The Eugene P. Odum School of Ecology at the University of Georgia (UGA), named for prominent ecologist Eugene Odum, is part of UGA’s College of Environment and Design. The school offers undergraduate and graduate degrees in ecology and conservation, and seeks to encourage the public’s ecological literacy through interdisciplinary research and study.
In 1967 UGA’s Board of Regents formally established the school as the Institute of Ecology and provided funds to hire a director, administrative director, secretary, and technician. The field of ecology at the university was growing in number and perspective rapidly, paralleling the discipline’s growth nationally and placing UGA at the forefront of many other programs and institutions.
At that time, Georgia had about twenty ecologists associated with various departments, schools, and centers. Eugene Odum, UGA’s senior ecologist and a scholar of international renown, was appointed director of the institute. Frank Golley, formerly director of the Savannah River Ecology Laboratory (SREL), was appointed administrative director, and the institute members were drawn from zoology, botany, microbiology, geography, statistics, and geology in the Franklin College of Arts and Sciences, the School of Forest Resources, the School of Environmental Design, the Marine Science Institute on Sapelo Island, and the College of Agriculture. Tenure-track faculty retained a primary connection with their colleges and schools, while adjunct faculty were often associated only with the institute.
Primarily a research institute, the Institute of Ecology provided an administrative home for multidisciplinary projects that exceeded the responsibility of other units within the university. In many cases active researchers were graduate students of faculty members of the institute, which provided these students academic services as well. Since institutes could not offer degrees, a proposal was written in 1970 to create a graduate faculty, which would offer a Ph.D. in Ecology. The graduate faculty operated as a separate body under the graduate school, with its own head, but the services and the continuity of the program were provided by the institute. Between 1970 and 2000, 213 Ph.D.’s were awarded.
The Institute of Ecology was initially housed in the Governor Lumpkin home next to Conner Hall on UGA’s south campus. The building is constructed of native stone and subsequently became known as the Rock House. For many years ecologists walked from their offices across the street to the Rock House for meetings, seminars, and various services. The house soon became inadequate for the growing research institute, and in 1974 a new ecology building was constructed on south campus next to the School of Forest Resources. Funded jointly by the state of Georgia and the National Science Foundation, the building was dedicated in 1977, with the secretary of the Department of the Interior, Cecil Andrus, as the principal speaker. The building provided a place for ecologists to interact as well as the laboratories required for their studies of entire ecosystems. Graduate students in the Ph.D. program were also housed in the building.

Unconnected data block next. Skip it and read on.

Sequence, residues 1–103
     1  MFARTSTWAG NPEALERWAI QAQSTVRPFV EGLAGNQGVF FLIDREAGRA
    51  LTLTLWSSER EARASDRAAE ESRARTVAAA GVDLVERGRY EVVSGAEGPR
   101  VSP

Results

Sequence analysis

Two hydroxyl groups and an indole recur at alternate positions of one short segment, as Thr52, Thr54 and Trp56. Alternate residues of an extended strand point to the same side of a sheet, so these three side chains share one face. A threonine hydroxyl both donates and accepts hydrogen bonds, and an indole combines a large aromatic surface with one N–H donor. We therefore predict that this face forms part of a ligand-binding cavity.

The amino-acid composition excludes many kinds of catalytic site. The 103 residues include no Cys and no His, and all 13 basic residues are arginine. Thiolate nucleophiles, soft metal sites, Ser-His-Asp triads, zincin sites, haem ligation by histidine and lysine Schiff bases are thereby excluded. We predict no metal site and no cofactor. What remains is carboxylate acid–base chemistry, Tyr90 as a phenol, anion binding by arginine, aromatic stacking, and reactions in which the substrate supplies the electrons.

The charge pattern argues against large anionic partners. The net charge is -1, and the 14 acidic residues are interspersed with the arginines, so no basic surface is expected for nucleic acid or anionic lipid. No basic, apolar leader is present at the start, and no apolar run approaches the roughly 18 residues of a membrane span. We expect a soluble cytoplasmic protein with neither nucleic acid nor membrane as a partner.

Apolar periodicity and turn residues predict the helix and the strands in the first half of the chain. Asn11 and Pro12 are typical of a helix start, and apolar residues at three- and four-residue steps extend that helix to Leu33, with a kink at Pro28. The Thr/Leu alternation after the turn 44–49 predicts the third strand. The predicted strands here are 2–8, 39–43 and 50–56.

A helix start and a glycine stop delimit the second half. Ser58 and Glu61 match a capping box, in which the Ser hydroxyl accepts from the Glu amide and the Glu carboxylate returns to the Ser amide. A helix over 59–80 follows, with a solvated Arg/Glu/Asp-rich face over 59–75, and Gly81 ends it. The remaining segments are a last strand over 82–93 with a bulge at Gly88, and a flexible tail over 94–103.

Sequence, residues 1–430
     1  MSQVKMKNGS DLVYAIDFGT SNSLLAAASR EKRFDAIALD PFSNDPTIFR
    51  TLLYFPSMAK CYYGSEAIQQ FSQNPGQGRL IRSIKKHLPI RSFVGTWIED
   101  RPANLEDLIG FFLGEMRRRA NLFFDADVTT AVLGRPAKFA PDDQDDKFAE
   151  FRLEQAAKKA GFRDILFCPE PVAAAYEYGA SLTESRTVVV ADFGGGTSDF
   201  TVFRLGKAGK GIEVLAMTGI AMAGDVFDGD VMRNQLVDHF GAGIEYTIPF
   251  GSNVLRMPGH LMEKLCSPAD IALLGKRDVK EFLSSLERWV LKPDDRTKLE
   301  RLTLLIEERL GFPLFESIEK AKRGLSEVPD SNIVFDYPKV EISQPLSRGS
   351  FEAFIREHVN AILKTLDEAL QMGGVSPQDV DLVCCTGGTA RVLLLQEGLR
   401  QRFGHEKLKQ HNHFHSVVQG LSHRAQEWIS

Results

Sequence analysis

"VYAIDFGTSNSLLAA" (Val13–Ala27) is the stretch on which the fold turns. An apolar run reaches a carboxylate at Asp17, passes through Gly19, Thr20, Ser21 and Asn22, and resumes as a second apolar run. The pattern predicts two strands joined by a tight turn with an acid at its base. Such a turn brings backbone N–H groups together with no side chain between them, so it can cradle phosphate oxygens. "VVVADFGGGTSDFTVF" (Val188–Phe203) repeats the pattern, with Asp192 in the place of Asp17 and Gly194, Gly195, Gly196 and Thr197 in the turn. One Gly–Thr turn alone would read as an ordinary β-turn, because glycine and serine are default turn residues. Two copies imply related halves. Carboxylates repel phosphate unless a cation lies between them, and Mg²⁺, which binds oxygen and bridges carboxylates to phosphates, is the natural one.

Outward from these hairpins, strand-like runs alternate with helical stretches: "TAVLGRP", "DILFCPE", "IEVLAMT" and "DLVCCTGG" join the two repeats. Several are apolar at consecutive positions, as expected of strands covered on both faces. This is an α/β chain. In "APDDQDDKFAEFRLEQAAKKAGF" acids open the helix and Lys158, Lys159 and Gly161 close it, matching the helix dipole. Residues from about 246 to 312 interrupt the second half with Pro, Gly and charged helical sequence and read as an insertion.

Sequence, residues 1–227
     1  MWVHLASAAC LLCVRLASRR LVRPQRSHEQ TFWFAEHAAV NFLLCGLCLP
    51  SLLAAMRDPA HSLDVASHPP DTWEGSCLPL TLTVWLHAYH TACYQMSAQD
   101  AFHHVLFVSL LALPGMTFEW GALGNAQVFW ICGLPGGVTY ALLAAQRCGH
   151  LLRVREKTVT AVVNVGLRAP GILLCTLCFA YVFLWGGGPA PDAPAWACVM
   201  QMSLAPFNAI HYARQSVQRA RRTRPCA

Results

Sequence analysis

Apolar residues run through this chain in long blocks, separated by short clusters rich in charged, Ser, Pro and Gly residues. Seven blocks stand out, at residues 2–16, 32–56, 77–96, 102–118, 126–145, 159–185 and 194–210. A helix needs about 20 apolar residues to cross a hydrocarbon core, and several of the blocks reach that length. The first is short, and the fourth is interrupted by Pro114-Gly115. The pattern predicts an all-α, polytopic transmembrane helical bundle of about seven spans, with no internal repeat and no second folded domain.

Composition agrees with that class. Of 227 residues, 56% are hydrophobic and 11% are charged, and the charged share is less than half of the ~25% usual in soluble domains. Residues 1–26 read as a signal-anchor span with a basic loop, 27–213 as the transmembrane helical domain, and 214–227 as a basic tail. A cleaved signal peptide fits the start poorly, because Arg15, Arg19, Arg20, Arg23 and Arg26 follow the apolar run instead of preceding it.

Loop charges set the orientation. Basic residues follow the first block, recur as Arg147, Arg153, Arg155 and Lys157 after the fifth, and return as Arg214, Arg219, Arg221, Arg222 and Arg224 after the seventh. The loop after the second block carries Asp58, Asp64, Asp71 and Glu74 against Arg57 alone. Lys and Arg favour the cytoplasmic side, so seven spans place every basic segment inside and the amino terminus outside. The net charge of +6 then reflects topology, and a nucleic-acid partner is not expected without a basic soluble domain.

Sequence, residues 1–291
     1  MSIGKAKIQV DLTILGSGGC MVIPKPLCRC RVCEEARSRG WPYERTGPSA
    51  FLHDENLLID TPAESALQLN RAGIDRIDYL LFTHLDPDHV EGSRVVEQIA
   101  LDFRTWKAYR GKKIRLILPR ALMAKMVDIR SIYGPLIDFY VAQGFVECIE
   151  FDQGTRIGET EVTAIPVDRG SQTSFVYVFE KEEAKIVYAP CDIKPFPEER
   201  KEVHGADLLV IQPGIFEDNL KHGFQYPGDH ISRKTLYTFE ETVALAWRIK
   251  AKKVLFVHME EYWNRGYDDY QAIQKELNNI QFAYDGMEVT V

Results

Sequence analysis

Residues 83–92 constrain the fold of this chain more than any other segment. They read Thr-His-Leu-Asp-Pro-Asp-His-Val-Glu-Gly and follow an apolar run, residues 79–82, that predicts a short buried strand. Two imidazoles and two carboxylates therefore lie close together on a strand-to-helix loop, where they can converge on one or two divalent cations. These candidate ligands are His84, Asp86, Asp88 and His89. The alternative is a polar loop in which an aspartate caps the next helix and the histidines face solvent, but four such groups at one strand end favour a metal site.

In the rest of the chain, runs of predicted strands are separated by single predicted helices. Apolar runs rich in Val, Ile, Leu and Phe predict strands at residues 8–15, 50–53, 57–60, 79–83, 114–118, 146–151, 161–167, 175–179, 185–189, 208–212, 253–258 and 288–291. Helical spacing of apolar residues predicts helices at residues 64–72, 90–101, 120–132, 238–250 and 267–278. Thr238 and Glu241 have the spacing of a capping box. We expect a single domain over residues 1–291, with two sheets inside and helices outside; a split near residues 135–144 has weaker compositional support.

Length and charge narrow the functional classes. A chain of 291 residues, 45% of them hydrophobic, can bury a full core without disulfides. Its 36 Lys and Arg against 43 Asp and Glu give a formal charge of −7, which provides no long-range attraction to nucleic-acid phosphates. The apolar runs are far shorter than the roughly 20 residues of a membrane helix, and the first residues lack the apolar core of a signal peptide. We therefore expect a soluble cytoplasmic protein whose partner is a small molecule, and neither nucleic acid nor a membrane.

The institute was widely based. It included programs at SREL and Sapelo Island, but it also involved projects at the U.S. Forest Service Coweeta Hydrologic Laboratory in North Carolina; at the Okefenokee Swamp; in the tropics of Panama, as part of the Sea Level Canal project of the Atomic Energy Commission; and in Venezuela, as part of the UNESCO Biosphere project in the Amazon forest.
A service program was organized early in the 1970s as the institute received requests to consult on and solve environmental problems. Currently this service activity, which remains very strong, attracts many students and helps Georgia to solve problems of water– and land-use planning.
In the early 1990s the institute was reorganized as the School of Ecology within the Franklin College, but because it was so well known it retained its original name. This administrative change permitted the institute to develop and expand its educational offerings. A master’s degree in conservation and sustainable development was the first new program added, along with a certificate program in conservation, followed by master’s and bachelor’s of science in ecology degrees. This allowed the institute to develop and teach a new curriculum for undergraduates within its research buildings. This was difficult to accomplish because the program attracted about 100 undergraduates as soon as it opened, and there were many other students who had an interest in the environment.
The complications associated with this growth led in 2001 to the organization of a new college, the College of Environment and Design, of which the Institute of Ecology is one part, associated with the School of Environmental Design and the Environmental Ethics Program, as the other parts. In 2007 the Institute of Ecology was renamed the Eugene P. Odum School of Ecology.